Category Archives: Alternative medicine

The relationship between diet, inflammation and depression


A new study by the Centre for Addiction and Mental Health (CAMH) found that the measure of brain inflammation in people who were experiencing clinical depression was increased by 30 per cent. The findings, published in JAMA Psychiatry, have important implications for developing new treatments for depression.

A growing body of evidence suggests the role of inflammation in generating the symptoms of a major depressive episode such as low mood, loss of appetite, and inability to sleep. But what was previously unclear was whether inflammation played a role in clinical depression independent of any other physical illness.

More research has come out which supports the link between inflammation and depression. While this link hasn’t been confirmed my experience has piqued my interest in the topic. For about fifteen years I have been experimenting with Ayurveda which is a form of medicine which originated in India a thousand years ago. In Ayurveda the world is divided up into three different categories(doshas in human body), Vata, Pitta and Kapha. Vata is associated with air, Pitta with fire/water and Kapha with water/earth. In the human body the various categories govern certain functions and areas. Pitta governs metabolism, heat regulation and the immune system. It is located in the eyes and small intestine. Various tastes/qualities are said to balance the doshas. Pitta is said to be balanced by sweet, bitter, astringent and coolness.

For many years I have experimented with Ayurveda and discovered that balancing Pitta was very helpful, even more than balancing Vata which is associated in Ayurveda with the nervous system. Balancing Pitta is helpful especially in regards to anxiety, irritability and depression. Perhaps Pitta’s association with inflammation in Ayurveda might explain this. In addition, Ayurveda recommends a vegetarian diet for a Pitta type of imbalance, a vegetarian diet has been shown in western medicine to help with inflammation.

Balancing Kapha, which is said to be localized in the stomach, has been helpful in regard to lack of motivation and energy. Balancing a dosha can aggravate another. Whenever I balance Kapha I notice Pitta becoming imbalanced. Balancing or pacifying Kapha can increase irritability which is a Pitta imbalance. In Ayurveda there are different methods of balancing more than on dosha. One way is to balance Vata which is believed to govern the other doshas. The second method is to balance the two using the qualities that balance the two doshas. In the case of Pitta and Kapha they are both balanced by bitter and astringent tastes. While this balancing act can be consciously performed I think it is also subconsciously performed when we have desert after a meal that has had too much salty and sour taste to it.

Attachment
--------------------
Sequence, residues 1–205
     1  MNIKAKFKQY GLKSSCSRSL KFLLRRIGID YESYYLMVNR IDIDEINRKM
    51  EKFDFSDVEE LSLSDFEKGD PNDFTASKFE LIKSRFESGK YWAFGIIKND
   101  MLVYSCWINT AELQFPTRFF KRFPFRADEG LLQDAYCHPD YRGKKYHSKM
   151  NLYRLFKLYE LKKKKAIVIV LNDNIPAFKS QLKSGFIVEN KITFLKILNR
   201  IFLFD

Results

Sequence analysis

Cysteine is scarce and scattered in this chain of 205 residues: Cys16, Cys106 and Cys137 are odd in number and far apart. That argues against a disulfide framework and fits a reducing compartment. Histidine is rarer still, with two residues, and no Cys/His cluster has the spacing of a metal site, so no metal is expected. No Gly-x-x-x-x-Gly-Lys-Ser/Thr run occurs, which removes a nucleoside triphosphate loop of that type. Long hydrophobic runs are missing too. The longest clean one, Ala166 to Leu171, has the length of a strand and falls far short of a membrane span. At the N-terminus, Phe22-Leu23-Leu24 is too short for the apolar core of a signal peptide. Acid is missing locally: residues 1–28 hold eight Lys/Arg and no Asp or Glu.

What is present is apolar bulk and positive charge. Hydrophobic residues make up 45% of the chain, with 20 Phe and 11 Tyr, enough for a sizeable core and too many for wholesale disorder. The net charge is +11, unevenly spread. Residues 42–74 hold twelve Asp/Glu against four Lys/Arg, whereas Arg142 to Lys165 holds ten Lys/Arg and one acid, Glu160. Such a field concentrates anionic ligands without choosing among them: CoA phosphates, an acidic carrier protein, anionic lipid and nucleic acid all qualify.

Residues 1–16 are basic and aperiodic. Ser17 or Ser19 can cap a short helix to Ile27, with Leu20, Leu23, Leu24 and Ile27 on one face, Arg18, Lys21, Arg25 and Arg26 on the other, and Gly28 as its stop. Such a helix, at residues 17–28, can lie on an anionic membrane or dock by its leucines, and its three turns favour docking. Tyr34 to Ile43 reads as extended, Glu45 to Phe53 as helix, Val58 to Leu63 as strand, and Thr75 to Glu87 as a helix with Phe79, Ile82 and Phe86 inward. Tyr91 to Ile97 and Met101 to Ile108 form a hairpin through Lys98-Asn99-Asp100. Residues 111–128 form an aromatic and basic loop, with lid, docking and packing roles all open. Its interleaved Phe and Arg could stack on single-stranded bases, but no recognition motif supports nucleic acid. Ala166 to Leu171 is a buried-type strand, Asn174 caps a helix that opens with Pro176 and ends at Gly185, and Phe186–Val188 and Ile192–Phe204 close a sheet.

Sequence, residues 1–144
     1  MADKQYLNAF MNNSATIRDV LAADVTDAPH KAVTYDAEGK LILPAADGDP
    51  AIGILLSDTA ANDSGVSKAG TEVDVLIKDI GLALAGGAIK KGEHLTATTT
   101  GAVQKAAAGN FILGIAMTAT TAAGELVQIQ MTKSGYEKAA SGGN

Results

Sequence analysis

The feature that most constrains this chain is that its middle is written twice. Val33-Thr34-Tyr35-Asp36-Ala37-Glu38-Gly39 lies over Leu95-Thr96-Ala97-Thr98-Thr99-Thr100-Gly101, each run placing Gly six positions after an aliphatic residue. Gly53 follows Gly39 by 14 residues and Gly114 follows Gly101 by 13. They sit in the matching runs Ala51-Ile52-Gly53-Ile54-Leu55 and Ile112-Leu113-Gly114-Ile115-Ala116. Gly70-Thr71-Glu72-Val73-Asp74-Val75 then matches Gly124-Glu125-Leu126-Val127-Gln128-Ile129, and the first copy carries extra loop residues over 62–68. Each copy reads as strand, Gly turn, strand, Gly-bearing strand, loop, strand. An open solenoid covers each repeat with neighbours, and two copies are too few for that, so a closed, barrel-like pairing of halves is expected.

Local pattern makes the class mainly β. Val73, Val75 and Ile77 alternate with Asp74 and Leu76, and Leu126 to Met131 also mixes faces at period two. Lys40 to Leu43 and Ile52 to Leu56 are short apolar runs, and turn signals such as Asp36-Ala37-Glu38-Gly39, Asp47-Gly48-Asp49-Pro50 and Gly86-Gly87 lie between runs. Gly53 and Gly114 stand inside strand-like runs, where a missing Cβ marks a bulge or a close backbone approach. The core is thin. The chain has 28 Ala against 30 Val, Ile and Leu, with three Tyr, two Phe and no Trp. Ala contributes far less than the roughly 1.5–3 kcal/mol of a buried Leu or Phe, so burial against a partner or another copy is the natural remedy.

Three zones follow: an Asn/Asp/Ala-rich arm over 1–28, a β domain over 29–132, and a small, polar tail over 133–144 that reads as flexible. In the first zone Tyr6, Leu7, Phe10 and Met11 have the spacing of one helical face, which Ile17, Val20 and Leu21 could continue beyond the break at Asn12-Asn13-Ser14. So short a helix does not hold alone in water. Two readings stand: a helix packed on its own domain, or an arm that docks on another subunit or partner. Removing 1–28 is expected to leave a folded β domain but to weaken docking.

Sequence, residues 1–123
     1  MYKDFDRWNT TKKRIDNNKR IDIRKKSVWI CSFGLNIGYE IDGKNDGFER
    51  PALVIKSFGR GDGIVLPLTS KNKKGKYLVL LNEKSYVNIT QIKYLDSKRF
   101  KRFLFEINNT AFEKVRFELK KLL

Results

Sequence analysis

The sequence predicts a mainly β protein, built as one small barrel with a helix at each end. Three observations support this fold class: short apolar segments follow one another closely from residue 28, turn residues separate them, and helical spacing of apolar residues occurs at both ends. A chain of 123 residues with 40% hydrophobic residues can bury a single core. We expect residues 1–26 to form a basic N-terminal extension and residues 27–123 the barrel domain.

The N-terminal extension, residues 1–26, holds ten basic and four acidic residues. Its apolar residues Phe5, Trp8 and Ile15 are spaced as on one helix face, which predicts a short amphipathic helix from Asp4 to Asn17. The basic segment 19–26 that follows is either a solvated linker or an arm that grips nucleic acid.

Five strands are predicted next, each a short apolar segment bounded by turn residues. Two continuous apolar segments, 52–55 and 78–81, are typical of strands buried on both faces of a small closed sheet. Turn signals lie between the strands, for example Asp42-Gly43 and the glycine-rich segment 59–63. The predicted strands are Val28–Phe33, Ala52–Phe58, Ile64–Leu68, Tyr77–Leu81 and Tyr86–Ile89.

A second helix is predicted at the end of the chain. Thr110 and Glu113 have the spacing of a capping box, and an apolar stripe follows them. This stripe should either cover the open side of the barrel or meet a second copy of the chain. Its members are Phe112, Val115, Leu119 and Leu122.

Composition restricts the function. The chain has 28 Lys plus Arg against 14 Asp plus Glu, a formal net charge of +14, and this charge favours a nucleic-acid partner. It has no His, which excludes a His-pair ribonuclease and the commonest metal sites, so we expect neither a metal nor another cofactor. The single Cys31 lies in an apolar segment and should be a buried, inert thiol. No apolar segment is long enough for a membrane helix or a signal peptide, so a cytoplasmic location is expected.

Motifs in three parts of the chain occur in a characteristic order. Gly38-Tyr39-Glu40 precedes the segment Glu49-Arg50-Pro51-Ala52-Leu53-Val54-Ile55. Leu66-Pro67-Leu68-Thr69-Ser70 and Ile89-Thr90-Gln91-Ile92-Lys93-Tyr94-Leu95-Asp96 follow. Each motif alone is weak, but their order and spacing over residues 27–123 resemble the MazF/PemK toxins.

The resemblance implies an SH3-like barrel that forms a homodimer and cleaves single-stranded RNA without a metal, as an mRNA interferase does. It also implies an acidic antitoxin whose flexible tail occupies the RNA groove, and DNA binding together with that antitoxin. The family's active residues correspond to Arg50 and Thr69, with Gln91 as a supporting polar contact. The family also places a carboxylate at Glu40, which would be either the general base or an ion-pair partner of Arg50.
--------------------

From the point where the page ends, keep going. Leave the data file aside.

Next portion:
Somewhat interestingly healthy food tends to be higher in bitter and astringent qualities while junk food is higher in salty, sour and sweet tastes. According to Ayurveda salty, sour and sweet all balance Vata which is associated with the nervous system and stress. Perhaps this preference is one reason why western cultures seem to have more problems with inflammation and depression.


Meditation regulates genes involved with inflammation

Dr. Khalsa and a group out of UCLA have shown that KKM resulted in different patterns of brain metabolism compared meditationto other general relaxation methods. Using PET scanning, they saw that KKM resulted in 19 genes being up-regulated and 49 genes being down-regulated, resulting in the production of fewer inflammatory mediators, and increased telomerase activity by almost 50%. Why do we care about telomeres? Well, for starters, the Nobel Prize in Medicine was recently awarded to another research group, which found a connection between increased telomerase activity and greater longevity. Finally, the group taught KKM also had higher scores of mental health and lower depression.

KKM is a type of meditation. Inflammation is thought to be involved in depression and telomere activity is relevant  since depression is thought to accelerate the aging process. Due to the small number of people in research studies, more research is necessary.

Personally I find that meditation immediately helps with my fatigue, irritability and ability to focus. I’m not so sure about the long term effects.

Green tea improves symptoms of depression

some of that tea

some of that tea (Photo credit: Wikipedia)

A just came across a recent study that demonstrated that green tea could significantly improve depression symptoms, in particular anhedonia.